Robotics Robotics is the branch of mechanical engineering, electrical engineering and computer science that deals with the design, construction, operation, and application of robots,[1] as well as computer systems for their control, sensory feedback, and information processing. These technologies deal with automated machines that can take the place of humans in dangerous environments or manufacturing processes, or resemble humans in appearance, behavior, and/or cognition. Many of today's robots are inspired by nature contributing to the field of bio-inspired robotics. The concept of creating machines that can operate autonomously dates back to classical times, but research into the functionality and potential uses of robots did not grow substantially until the 20th century.[2] Throughout history, robotics has been often seen to mimic human behavior, and often manage tasks in a similar fashion. Etymology[edit] History of robotics[edit] Robotic aspects[edit] Components[edit] Power source[edit]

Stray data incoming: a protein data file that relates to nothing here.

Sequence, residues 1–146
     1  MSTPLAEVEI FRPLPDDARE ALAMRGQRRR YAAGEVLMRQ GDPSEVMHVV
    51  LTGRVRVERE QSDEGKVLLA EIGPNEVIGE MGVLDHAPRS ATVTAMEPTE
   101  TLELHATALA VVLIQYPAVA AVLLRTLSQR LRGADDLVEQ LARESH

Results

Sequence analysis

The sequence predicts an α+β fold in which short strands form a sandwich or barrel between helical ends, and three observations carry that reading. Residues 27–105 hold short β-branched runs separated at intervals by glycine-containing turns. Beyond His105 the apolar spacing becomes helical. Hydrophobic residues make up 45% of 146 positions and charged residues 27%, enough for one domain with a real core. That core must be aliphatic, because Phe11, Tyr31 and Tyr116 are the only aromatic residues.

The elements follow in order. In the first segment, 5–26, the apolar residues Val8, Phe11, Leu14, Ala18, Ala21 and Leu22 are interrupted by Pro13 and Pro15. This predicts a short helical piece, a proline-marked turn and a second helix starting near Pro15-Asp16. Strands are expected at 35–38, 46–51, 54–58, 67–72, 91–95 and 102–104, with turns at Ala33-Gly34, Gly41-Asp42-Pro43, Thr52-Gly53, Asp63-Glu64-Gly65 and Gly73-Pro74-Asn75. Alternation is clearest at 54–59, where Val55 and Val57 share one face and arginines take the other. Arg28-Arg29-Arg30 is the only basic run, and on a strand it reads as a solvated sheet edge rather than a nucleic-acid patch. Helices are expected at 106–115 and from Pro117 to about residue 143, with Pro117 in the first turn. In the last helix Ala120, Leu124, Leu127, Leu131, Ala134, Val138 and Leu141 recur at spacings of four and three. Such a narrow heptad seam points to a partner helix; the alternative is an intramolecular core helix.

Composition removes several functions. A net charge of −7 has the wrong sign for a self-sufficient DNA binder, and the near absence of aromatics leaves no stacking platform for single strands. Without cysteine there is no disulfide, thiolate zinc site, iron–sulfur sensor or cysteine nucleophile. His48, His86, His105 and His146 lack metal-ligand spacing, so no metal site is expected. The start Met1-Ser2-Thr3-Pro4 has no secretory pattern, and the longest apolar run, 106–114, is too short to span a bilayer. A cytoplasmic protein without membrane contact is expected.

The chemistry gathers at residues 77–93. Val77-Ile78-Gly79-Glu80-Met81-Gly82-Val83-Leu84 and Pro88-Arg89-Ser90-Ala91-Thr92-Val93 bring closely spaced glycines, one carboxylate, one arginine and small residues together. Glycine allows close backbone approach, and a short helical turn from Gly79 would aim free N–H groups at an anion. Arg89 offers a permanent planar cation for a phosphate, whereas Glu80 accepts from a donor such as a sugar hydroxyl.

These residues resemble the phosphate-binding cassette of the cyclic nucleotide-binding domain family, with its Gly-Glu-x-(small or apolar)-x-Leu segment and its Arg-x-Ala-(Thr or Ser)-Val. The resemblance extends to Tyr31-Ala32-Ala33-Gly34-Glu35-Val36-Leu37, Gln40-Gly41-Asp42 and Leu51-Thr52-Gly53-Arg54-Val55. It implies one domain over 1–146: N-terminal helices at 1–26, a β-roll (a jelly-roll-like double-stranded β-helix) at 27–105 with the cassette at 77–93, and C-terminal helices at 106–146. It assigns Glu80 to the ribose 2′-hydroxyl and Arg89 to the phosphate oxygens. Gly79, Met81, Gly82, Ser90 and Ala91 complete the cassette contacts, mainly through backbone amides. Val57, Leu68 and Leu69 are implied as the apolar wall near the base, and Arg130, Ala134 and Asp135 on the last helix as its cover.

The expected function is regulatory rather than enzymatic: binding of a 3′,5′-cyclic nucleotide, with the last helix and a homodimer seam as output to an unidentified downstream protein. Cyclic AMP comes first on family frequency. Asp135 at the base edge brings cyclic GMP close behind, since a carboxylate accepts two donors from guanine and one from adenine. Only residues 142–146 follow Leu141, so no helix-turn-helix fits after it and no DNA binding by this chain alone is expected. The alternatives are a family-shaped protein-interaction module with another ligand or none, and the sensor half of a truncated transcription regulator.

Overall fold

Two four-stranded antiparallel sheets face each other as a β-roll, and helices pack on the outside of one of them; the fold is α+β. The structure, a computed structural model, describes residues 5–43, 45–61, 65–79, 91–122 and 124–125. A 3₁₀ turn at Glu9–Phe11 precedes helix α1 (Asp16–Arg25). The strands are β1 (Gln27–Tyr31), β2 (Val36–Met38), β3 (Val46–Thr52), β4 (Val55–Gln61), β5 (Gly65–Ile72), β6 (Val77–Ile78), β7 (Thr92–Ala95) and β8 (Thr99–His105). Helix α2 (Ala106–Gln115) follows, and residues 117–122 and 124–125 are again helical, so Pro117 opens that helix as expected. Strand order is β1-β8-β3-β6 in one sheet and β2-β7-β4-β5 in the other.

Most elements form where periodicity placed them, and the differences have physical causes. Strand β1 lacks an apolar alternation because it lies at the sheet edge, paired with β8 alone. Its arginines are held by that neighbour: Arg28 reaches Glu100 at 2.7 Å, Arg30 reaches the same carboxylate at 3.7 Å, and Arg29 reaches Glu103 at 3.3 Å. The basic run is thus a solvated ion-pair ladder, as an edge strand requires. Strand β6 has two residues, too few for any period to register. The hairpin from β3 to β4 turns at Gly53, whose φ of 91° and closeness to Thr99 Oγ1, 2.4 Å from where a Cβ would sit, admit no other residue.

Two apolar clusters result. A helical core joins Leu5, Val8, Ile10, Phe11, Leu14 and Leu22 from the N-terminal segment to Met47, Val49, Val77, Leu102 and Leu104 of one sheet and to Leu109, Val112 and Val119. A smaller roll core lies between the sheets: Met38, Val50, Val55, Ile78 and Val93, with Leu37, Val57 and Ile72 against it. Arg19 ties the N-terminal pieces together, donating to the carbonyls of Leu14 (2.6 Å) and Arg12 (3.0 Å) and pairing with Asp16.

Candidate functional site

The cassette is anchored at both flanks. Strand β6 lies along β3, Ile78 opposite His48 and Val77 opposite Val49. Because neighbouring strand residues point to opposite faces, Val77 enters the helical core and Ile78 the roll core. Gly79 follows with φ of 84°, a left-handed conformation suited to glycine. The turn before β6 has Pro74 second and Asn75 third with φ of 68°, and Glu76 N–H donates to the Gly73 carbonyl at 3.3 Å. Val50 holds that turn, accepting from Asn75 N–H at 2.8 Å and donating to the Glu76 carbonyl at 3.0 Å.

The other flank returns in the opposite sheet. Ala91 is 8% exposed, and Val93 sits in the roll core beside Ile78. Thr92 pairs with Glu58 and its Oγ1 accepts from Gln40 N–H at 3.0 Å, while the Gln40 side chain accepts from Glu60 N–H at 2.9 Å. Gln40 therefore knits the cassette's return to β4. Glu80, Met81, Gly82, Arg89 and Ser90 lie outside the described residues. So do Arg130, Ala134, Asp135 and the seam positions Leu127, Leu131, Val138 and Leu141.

The History of C++ Programming Language - Authentic Society Notes on the difference between C an C++ You may hear from time to time that the C++ programming language is a superset of the C language. In C++, you can do almost everything you can do in C, with the exception of just a small number of things that may be considered specification details. Why was it named C++? Initially the C++ language was named "C with Classes" because you could still write C-like programs in C++ but you could also use what we call classes. On the other hand, the reason the C programming language is called C, is that it is a successor to the language called B. The History of C++ And so, with the help of the previous few paragraphs we can move on. In 1972, Ken Tompson and Dennis Ritchie created an improved version of the B language, and named it C. B got its start on a UNIX-operated system, by today's standards a prehistoric computer called DEC PDP-7. ANSI makes C a Standard The birth of C++ There had to be a solution.